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Viewpoint - GlaxoSmithKline agrees to $3B settlement
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Viewpoint - July 5, 2012
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Friends, I realize this is not related to the Middle East, but it is a story every person in the world should be aware of. We must come to understand that the pharmaceutical industry is ruthless and will do anything to get you ingesting their drugs regularly. And the anti-depressants are PERFECT for them. You take them every single day of every single month of every single year. And these doctors that prescribe this garbage should be put up on review to see just how many scripts they've written, and to whom.
"Happy, horny, skinny pill" indeed.
*-- GlaxoSmithKline agrees to $3B settlement --*
WASHINGTON - Drug giant GlaxoSmithKline agreed to plead guilty and pay $3 billion in the largest settlement of healthcare fraud in U.S. history, the Justice Department said.
The settlement will resolve criminal and civil liability from the company's promotion of the misbranded prescription antidepressants Paxil and Wellbutrin, and failing to report safety data about diabetes drug Avandia, the Justice Department said Monday in a release.
The criminal complaints total $1 billion. GlaxoSmithKline also will pay $2 billion to settle civil liabilities for Paxil, Wellbutrin and Avandia, some other drugs and allegations of pricing fraud.
GlaxoSmithKline, based in London, agreed to plead guilty to a three-count criminal indictment, including two counts of introducing misbranded Paxil and Wellbutrin into the market and one count of failing to report safety information about Avandia to the Food and Drug Administration, the department said.
The plea agreement also includes "certain non-monetary compliance commitments and certifications by GSK's U.S. president and board of directors," the Justice Department said in the release.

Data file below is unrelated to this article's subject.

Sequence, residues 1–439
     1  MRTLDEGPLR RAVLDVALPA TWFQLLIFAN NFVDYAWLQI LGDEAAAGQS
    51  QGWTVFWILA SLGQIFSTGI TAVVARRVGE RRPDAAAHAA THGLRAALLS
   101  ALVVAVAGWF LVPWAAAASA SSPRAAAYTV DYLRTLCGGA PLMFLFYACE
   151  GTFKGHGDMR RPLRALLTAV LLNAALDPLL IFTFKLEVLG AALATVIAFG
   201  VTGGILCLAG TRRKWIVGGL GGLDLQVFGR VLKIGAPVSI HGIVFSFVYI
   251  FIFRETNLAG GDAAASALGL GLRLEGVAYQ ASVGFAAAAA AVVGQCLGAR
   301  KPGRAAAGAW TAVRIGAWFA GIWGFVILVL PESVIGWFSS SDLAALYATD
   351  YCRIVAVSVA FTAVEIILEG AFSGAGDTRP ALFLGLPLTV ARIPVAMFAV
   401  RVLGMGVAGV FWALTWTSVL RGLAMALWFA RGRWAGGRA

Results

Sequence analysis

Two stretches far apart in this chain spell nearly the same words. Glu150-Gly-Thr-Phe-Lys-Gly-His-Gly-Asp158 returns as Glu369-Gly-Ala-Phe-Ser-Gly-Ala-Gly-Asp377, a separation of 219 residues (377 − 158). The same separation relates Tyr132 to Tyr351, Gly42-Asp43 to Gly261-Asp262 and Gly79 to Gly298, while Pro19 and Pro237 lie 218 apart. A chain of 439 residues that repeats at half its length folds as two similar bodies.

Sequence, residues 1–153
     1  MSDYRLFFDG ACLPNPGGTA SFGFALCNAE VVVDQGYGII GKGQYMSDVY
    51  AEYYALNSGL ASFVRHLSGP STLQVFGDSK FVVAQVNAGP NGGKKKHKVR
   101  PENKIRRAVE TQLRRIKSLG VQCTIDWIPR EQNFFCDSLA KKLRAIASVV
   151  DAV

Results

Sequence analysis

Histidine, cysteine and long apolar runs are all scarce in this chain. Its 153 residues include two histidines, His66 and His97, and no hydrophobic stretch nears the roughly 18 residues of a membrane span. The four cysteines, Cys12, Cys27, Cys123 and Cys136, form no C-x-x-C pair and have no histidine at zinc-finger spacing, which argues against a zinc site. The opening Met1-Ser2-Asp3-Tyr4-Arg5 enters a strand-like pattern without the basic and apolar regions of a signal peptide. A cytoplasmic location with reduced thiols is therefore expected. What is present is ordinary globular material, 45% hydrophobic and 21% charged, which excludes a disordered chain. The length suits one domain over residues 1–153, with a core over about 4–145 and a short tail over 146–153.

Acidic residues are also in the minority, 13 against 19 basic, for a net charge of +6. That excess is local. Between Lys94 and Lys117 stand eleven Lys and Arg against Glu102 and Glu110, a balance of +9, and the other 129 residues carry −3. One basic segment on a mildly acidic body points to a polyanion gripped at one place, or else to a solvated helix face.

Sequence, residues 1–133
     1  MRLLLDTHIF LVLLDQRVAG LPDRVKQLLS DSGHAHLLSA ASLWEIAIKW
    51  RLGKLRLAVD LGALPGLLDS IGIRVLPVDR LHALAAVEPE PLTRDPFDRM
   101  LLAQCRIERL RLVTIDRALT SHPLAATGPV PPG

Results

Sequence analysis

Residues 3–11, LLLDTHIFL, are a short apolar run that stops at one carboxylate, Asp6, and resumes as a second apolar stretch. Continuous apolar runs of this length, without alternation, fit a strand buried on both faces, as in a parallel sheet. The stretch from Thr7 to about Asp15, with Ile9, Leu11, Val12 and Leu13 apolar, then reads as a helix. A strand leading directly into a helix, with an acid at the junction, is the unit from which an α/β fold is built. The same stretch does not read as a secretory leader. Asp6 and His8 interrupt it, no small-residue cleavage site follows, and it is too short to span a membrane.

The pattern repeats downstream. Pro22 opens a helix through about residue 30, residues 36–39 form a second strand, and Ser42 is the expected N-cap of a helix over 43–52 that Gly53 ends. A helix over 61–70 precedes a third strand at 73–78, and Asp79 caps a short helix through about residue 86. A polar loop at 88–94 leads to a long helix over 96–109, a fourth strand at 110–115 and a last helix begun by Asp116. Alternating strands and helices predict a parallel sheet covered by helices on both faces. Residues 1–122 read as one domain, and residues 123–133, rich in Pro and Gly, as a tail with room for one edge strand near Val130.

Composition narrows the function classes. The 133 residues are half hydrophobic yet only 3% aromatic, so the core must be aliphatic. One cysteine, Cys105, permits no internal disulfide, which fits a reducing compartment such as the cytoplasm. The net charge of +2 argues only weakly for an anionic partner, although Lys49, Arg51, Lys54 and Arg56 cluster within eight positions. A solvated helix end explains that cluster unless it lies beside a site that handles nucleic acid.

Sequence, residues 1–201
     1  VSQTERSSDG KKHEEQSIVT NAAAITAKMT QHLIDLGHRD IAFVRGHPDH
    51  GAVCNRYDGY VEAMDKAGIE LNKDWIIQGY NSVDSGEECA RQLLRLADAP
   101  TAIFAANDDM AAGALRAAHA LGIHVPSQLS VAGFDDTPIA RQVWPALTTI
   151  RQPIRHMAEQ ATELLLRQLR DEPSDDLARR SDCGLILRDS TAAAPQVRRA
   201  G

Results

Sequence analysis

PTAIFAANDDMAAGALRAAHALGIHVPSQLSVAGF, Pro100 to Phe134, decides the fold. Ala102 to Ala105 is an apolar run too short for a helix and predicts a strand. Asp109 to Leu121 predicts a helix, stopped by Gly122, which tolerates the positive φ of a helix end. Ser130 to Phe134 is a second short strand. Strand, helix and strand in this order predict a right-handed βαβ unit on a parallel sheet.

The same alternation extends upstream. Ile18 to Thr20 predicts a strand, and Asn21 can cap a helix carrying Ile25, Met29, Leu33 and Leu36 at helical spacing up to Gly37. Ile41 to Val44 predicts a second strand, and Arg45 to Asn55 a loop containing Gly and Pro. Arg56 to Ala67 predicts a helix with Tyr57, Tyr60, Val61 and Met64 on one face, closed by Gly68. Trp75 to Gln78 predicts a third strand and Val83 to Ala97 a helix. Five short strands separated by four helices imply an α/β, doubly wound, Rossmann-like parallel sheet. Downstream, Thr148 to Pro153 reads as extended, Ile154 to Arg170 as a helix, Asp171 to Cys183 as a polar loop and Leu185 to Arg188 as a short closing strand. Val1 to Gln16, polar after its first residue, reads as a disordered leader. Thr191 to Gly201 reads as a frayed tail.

GlaxoSmithKlines's guilty plea and sentence isn't final until it is accepted by the U.S. District Court.
"Today's multibillion dollar settlement is unprecedented in both size and scope. It underscores the [Obama] administration's firm commitment to protecting the American people and holding accountable those who commit health care fraud," Deputy Attorney General James M. Cole said. "At every level, we are determined to stop practices that jeopardize patients' health, harm taxpayers, and violate the public trust -- and this historic action is a clear warning to any company that chooses to break the law."
Besides the criminal and civil resolutions, GlaxoSmithKline also will enter a five-year Corporate Integrity Agreement with the Inspector General, including how its sales force is compensated to remove goal-driven pay. The company also would change its executive compensation schedule so the company can recoup annual bonuses and long-term incentives from specified executives if they or their subordinates engage in significant misconduct.
Although the activities covered by this settlement largely occurred years ago, we must learn from the past. And we have," Deirdre Connelly, president of the company's North America Pharmaceuticals, said in a statement. "As we move forward, we remain committed to appropriately informing healthcare providers about our medicines ... so that patients receive the care they need to maintain and improve their health.
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